Friday, January 02, 2009

Billy Little (1943-2009)

Mere months after the release of Vancouver poet Billy Little’s St. Ink: Selected Poems, selected by Jamie Reid and George Stanley (Vancouver BC: Cue Books, 2008), comes this sad note from Jamie Reid:

Billy Little: October 14, 1943 - January 1, 2009

Our dear comrade and brother poet, Billy Little, slipped away from this life at about 5 AM on New Years Day. It almost seems to me as if he were imitating one of his idols, dada hero Tristan Tzara, who died on Christmas Day in 1963. For several days he had been telling his friends that each day might be his last, but he hung on and continued to breathe one day after another for several days, until finally he lost the ability to speak and passed away. Billy spent his last days on his beloved Hornby Island, surrounded by his friends.

He had been resigned to this final result since hearing from his doctors last January that the abdominal cancer through which he had endured several rounds of chemotherapy and surgery would finally take his life in a matter of months rather than years. He lived the months that were left to him with great courage and good humour, sometimes in tears, he told me once, that he should have to leave the world, the life and the people that he loved with such passion and devotion. The people at his bedside near the end, his son Matt Little, Gordon Payne and his caregiver, Colleen Work, confirmed that through his last hours, though he could not speak, he was clearly smiling.

Billy’s son, Matt, will be inviting friends to the Hornby Island ball park on Sunday, January 4. In commemoration of Billy’s life-long devoted attachment to books and ideas, Matt will be handing out items from Billy’s book collection.

Further notice of an expanded memorial event will be posted later.

Typically, Billy left his life with a jest, a protest, leaving behind his own obituary:


after decades of passion, dedication to world peace and justice, powerful friendships, recognition, being loved undeservedly by extraordinary women, a close and powerful relationship with a strong, handsome, capable, thoughtful son Matt, a never ending stream of amusing ideas, affections shared with a wide range of creative men and women, a long residence in the paradisical landscape of hornby island, sucess after sucess in the book trade, fabulous meals, unmeasurable inebriation, dancing beyond exhaustion, satori after satori,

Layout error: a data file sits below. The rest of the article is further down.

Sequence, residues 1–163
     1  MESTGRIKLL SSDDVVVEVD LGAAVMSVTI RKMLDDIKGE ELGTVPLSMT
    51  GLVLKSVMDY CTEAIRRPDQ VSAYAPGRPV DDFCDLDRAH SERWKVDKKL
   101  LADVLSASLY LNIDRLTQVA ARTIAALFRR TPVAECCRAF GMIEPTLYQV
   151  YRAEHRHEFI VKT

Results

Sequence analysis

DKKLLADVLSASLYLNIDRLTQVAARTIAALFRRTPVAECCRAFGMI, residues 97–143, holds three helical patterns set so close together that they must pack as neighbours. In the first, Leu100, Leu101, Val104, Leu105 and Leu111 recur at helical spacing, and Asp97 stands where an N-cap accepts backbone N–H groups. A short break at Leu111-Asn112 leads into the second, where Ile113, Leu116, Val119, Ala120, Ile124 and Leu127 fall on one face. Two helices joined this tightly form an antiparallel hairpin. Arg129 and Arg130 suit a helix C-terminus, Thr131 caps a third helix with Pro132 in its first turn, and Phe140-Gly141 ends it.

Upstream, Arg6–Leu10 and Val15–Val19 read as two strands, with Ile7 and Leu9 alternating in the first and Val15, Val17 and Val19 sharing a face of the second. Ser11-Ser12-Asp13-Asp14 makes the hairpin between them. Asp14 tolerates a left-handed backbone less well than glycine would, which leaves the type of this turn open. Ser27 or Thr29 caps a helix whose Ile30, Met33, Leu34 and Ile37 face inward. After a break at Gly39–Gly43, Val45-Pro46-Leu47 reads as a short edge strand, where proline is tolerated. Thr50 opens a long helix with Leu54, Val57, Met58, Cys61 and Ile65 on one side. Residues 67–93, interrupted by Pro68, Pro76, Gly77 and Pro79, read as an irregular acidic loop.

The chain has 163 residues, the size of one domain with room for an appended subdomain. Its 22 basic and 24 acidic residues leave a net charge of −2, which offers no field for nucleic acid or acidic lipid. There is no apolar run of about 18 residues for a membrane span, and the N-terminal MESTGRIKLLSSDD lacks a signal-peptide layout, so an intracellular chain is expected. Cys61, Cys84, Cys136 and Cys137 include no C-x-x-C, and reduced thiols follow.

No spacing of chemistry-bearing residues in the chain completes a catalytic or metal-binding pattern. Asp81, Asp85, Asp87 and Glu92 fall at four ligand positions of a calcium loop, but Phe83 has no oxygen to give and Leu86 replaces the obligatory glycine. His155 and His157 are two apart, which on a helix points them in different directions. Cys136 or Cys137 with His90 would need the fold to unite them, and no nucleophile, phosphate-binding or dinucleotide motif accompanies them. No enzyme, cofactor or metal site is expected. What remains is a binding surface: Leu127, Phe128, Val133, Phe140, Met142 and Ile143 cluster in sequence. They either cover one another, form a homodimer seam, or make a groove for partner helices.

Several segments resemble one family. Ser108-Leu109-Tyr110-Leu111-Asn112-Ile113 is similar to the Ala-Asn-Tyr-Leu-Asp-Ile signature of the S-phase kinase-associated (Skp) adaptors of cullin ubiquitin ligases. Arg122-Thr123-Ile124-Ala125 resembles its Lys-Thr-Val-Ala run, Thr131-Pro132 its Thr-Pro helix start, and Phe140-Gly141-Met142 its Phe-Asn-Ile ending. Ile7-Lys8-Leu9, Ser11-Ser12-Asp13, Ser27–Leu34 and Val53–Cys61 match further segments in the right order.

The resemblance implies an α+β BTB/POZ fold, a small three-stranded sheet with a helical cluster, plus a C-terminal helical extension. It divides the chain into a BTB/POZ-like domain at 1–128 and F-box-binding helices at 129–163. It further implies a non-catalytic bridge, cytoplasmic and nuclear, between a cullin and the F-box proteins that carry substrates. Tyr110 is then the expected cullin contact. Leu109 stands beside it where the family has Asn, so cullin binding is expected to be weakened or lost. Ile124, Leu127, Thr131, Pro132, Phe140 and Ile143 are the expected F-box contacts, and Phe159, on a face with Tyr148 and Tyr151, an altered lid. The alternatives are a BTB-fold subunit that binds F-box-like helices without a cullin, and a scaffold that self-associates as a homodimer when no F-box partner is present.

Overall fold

billy little regrets he's unable to schmooze today.
in lieu of flowers please send a humongous donation to the war resisters league.

I'd like my tombstone to read:

billy little
hydro is too expensive

but I'd like my mortal remains to be set adrift on a flaming raft off chrome island

A poet, activist and small publisher in BC for decades, his St. Ink not only collects a selection of Little’s poetry over the years, but includes a selection by admirers such as Lionel Kearns, Gordon Payne, Goh Poh Seng, George Stanley, Renee Rodin, Pierre Coupey, George Bowering, Judith Copithorne and Trudy Rubenfeld. As Kearns begins his piece, “Postscript to Bill’s collection”:

Billy Little’s biography has been around. It seems to start up very young somewhere in America. It hangs out at the New York City Public Library and poetry readings down at St. Mark’s. It swings up to Buffalo, where the action is. It loiters among the poets in San Francisco. Eventually it pushes on north to Vancouver, and ends up in Nowhere B.C., the only absence with a Canadian postal code (V0R 1Z0). These days it seems to be located on an island. You can tell by the images: cormorants, ferry line ups, fish boats, salmon chanted evening.

Billy has always been a full time poet, although from time to time he has held outside positions such as editor, publisher, gallery manager, book store owner, impresario, teacher, student, public speaker, commentator, reviewer, lover, partner, father, and grandfather. Many years ago I caught him with each of his hands on the handles of a wheel barrow, though I doubt if he would admit such a thing now: help the planet he counsels us: stop working/ don’t succumb to the addiction of employment. Nevertheless, poetry is the job he works at all the time. Whenever it’s happening, there he is, the most committed poet I know.
But I will leave the last words for Billy Little, himself:

for david phillips

I remember how frustrated Jesus got
building those tacky villas for the roman yuppies
gentrifying the Sea of Galilee
how his tongue became
myriads of venomous snakes
how he ate mouse sushi
for weeks on end
you could sell him two bushels of mint
it wouldn’t be enough

2. The Satin Man
“where’s the man could ease a heart
like a satin gown?” – Dorothy Parker

remember that halloween,
jesus put on the red mask
tied the pointy tail to his plaid pants
hoist the rusty pitchfork
and went out trick or treating in the treetops

where the shrieking primates
tosses polished acorns
at his swollen red scrotum

that halloween jesus changed the maples leaves
into currency
made the blue bummed orangutans
eat swimming pools of money pudding

after His tracheotomy
His lips spelled
everything He didn’t say

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